DECLARE @in_mem_tbl_name varchar(500)
SET @id = 1
 
CREATE TABLE #in_memory_tbl(id int identity(1,1),in_mem_tbl_name varchar(500))
 
INSERT INTO #in_memory_tbl(in_mem_tbl_name)
SELECT object_name(object_id) FROM sys.dm_db_xtp_table_memory_stats
WHERE object_id > 0
SET @rowcnt = @@ROWCOUNT
WHILE @id <= @rowcnt
BEGIN
 
 
SELECT @in_mem_tbl_name = in_mem_tbl_name
FROM #in_memory_tbl
WHERE id = @id
 
EXEC( 'UPDATE STATISTICS ' + @in_mem_tbl_name + ' WITH FULLSCAN,NORECOMPUTE ' );

SET @id = @id + 1
 
END
 
DROP TABLE #in_memory_tbl
 

Please ensure to run the statistics section above, before attempting to find the row counts on "in memory tables"
 
 


 
 
 

 
 

      
 
 

Monday, November 2, 2015

Hekaton Part 10: Things Hash Indexes Can do

Hash Indexes on "In memory" tables are best suited for equality searches. Reason is obvious, as they are based on hash algorithm which doesn't sort data, hash indexes aren't useful for sorting or non equality searches ( Refer here). But, hashing being a fast and a effective technique, hash indexes are perhaps the best bet for handling equality searches ( where conditions using "=" ). Note that, equality searches are by far the most common filter condition you would see in queries. So, it is one of those things Microsoft has done to address the obvious with best possible solution ignoring the not so common problems :) Besides equality filters other areas where hash indexes can be useful are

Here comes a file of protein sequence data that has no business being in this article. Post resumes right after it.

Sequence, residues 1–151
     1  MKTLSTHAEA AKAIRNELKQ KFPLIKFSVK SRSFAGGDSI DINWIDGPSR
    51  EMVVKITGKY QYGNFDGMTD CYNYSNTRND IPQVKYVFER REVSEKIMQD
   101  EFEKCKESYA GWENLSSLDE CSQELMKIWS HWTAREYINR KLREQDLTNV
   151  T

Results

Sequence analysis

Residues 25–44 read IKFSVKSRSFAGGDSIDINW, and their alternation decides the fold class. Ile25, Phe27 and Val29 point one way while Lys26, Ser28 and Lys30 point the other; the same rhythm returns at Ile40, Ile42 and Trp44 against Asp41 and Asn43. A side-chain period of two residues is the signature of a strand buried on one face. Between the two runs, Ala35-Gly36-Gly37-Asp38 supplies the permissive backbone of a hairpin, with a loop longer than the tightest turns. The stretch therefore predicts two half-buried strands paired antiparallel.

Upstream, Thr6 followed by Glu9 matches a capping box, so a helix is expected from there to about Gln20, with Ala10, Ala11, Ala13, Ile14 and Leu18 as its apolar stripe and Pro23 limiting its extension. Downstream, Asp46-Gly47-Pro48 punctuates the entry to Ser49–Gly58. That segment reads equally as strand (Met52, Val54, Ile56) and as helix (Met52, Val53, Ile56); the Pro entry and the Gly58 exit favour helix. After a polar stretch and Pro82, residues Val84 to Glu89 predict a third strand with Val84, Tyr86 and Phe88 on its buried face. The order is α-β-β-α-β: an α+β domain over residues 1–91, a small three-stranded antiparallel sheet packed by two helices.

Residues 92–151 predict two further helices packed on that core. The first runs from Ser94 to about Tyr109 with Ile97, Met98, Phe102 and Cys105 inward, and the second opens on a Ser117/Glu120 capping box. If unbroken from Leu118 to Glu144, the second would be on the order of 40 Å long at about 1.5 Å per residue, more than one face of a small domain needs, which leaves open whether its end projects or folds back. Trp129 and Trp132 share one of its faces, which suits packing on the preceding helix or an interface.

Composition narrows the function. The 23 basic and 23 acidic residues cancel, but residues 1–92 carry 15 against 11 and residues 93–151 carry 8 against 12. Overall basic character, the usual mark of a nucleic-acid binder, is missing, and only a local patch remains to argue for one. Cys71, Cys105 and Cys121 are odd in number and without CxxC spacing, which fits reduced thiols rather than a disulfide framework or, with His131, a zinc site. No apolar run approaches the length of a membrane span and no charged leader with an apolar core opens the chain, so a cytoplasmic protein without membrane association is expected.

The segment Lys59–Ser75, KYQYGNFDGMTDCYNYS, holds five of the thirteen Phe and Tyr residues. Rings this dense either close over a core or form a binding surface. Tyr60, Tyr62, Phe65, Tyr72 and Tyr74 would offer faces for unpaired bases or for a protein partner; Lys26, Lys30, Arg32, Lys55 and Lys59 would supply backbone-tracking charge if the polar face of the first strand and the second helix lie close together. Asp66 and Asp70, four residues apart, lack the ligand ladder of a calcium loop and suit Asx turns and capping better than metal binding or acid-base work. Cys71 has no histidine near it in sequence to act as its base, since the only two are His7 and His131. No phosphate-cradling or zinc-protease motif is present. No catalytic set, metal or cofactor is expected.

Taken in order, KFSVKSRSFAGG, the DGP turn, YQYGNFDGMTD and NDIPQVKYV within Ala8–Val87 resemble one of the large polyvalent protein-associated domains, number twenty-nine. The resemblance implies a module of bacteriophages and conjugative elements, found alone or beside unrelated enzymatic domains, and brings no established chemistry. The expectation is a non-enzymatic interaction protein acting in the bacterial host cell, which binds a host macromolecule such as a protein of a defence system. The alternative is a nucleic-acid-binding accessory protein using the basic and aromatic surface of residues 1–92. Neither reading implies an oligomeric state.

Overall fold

Group by clause:

Consider the following query

SELECT count(*),data
FROM [HK_tbl]
GROUP BY Data

Query plan indicates a index scan but no additional sorting or grouping required, as even though data is not sorted by hash index, it is grouped / categorized and hence it is very effective for processing "group by" queries.


Inner Join:

HK_tbl2 is another "in memory" table with hash index on data column.

SELECT HK_tbl.data,HK_tbl2.dt
FROM HK_tbl
INNER JOIN HK_tbl2